2. Assist colleagues or members of the public who are in difficulty or distress in the outdoors so long as this can be accomplished without jeopardizing the safety of the member's client or their own safety.
  3. Perform professional services only in areas permitted by their level of certification and in accordance with the ACMG Scope of Practice.
  4. Conduct themselves so as to uphold the honour and reputation of the ACMG.
    For example:
    • Exercise due diligence such that the responsibilities of all parties to the professional relationship are clear, understood and complied with. Keep criticism constructive and refrain from speaking abusively or in a defamatory fashion about the Association or its members.
  5. Meet their obligations as an ACMG member as outlined in ACMG bylaws, policies, governing documents and Conduct Review Committee decisions.
  6. Continue their professional development throughout their careers by engaging regularly in professional practice and meeting the required educational standards as outlined in the ACMG Continuing Professional Development document.
  7. Represent themselves and their certification according to the ACMG Advertising and Representation standards.
  8. Carry valid land use permits, licenses or tenure agreements when providing professional services on public lands and ensure their liability insurance coverage meets the requirements of land managers and employers.
  9. Adhere to well known or reasonably discoverable local guiding practices and cultural protocols when conducting their professional business abroad.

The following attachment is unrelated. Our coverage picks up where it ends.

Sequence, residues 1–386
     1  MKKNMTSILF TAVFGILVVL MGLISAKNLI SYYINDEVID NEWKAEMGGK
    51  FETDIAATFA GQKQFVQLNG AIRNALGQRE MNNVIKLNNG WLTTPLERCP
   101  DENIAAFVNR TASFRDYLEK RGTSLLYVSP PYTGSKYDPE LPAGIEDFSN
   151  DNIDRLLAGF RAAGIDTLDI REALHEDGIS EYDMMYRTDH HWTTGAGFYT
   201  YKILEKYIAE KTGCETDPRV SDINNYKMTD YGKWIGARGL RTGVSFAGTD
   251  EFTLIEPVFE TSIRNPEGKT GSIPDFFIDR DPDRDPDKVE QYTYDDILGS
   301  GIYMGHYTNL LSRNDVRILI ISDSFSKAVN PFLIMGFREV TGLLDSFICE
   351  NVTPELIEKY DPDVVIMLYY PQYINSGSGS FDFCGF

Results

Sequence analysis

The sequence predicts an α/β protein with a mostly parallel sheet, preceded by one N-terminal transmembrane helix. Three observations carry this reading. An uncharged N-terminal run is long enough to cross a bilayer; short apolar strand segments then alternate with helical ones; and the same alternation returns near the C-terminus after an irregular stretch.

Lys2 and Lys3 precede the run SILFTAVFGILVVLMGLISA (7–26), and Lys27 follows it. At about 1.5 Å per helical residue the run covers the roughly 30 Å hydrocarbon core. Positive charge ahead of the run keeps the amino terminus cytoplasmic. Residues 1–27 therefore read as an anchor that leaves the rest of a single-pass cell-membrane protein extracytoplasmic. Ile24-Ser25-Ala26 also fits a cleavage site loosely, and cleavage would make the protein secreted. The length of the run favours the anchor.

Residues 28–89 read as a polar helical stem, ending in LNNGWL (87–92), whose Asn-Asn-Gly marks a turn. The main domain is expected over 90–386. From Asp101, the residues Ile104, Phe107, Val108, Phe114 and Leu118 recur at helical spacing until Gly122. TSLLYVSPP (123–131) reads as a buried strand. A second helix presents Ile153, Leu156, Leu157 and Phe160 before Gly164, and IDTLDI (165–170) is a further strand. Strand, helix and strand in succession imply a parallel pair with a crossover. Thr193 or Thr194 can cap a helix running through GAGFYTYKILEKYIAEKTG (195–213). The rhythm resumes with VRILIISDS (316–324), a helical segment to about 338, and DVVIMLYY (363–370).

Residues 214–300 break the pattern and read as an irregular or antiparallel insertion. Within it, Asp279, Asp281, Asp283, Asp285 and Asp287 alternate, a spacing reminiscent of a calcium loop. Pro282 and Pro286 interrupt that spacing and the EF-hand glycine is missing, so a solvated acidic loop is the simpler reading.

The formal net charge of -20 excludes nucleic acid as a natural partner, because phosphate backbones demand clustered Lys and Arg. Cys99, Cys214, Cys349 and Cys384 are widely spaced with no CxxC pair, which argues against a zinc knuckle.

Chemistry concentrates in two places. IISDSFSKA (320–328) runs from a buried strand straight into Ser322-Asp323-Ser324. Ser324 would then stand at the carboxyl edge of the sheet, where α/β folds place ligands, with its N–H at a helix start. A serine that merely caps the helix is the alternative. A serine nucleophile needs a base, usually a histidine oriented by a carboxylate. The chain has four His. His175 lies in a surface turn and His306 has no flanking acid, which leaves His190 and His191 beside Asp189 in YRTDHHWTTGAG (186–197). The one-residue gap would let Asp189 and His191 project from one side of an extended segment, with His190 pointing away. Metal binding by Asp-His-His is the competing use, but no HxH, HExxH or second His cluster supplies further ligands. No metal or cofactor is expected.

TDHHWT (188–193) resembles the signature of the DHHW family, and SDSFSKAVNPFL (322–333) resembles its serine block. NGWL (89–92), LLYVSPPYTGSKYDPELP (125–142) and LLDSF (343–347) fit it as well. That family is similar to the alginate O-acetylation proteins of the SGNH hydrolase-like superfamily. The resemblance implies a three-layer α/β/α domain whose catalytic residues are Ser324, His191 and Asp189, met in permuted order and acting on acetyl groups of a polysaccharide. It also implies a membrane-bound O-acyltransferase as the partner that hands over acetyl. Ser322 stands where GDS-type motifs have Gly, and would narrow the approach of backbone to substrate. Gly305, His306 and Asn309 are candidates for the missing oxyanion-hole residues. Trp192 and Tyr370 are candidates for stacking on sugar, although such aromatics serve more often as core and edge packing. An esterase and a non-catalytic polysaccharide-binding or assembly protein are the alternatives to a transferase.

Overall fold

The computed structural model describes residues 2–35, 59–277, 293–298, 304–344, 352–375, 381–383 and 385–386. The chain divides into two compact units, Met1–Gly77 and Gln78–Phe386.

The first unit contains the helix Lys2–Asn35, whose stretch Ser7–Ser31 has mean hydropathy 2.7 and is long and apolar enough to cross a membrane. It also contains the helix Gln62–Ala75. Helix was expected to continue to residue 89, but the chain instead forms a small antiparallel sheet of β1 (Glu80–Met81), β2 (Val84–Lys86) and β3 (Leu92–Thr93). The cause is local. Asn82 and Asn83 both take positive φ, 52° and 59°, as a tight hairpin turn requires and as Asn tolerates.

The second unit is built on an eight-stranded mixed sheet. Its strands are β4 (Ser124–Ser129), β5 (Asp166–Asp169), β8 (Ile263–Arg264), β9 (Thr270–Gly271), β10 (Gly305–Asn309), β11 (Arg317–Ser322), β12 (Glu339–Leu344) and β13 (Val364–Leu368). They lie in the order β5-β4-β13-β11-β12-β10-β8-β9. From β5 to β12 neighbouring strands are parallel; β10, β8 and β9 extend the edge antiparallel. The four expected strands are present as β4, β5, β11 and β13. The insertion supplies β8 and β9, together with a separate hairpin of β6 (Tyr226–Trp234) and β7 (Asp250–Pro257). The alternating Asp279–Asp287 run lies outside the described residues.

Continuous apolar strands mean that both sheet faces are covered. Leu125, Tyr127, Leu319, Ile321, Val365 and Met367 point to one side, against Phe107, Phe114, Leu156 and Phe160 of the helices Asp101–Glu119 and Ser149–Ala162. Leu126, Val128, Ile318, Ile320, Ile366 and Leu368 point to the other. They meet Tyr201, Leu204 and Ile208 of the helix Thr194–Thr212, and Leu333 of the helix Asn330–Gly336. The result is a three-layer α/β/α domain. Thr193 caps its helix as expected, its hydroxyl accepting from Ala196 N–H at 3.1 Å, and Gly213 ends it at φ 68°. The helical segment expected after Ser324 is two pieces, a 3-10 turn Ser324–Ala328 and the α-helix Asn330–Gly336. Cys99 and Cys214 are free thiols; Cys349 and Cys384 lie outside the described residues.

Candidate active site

What You Can Expect

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From Your Guide

ACMG guides are highly trained to provide experience-based decision making in the field to balance your trip’s adventure and its objective risk. In all situations, your safety is paramount. If your guide believes that the experience provided by an outing on a given trail, climb or ski route is not worth the risk, then a safer alternative will be chosen. This may include scrubbing the trip.

It is the expectation of the ACMG that your guide will ensure you are aware of possible risks inherent to your trip prior to departure. Depending on the circumstances, this may occur at the time you read and sign the compulsory liability waiver, or at some time previous to this.

The land agencies that offer access to individuals or companies for mountaineering activities have regulations around the use of the land in their jurisdiction. You may expect that your guide or his company will have all the requisite permits and insurance and that your guide will respect all area closures or other regulations specific to that area.

Decision making in the field is extremely complex. Your guide will assess factors such as weather, snowpack quality, avalanche hazard, rock fall, crevasse and serac danger, route or terrain selection, daylight, distance etc. and continuously weigh them against the capability and objectives of the group or individual client. As guides develop experience, this process happens at a more subconscious level but you can expect your guide to provide a clear rationale for any decision made, if asked to do so.

Despite all the best training and decision-making, accidents may still occur to someone being guided by an experienced professional. Should this happen, know that your guide is trained in wilderness first aid and rescue procedures. Expect him or her to take control of the situation, ensuring that injured people are looked after and that the risk to the rest of the group is minimized. Also expect him or her to assist in emergency situations that arise for other individuals or groups that you may come across on your trip, as long as this does not jeopardize the safety of you or your group.

 

From Your Climbing Instructor

ACMG climbing instructors are trained to manage risks associated with roped climbing on indoor and/or single pitch outdoor walls. In the gym, they will teach you safety and technique. Outdoors, they will focus on providing you with an awesome climbing and/or rappelling experience. All climbing instructors are trained in levels of first aid appropriate to their discipline.